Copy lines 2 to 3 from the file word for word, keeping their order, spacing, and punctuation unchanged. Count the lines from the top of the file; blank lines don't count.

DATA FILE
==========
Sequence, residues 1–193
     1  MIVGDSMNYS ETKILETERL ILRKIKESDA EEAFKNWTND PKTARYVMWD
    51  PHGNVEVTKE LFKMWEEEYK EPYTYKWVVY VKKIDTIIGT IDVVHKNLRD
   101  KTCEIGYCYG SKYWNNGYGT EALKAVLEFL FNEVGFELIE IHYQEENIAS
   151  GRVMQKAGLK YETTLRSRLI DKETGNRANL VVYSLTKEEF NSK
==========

     1  MIVGDSMNYS ETKILETERL ILRKIKESDA EEAFKNWTND PKTARYVMWD
    51  PHGNVEVTKE LFKMWEEEYK EPYTYKWVVY VKKIDTIIGT IDVVHKNLRD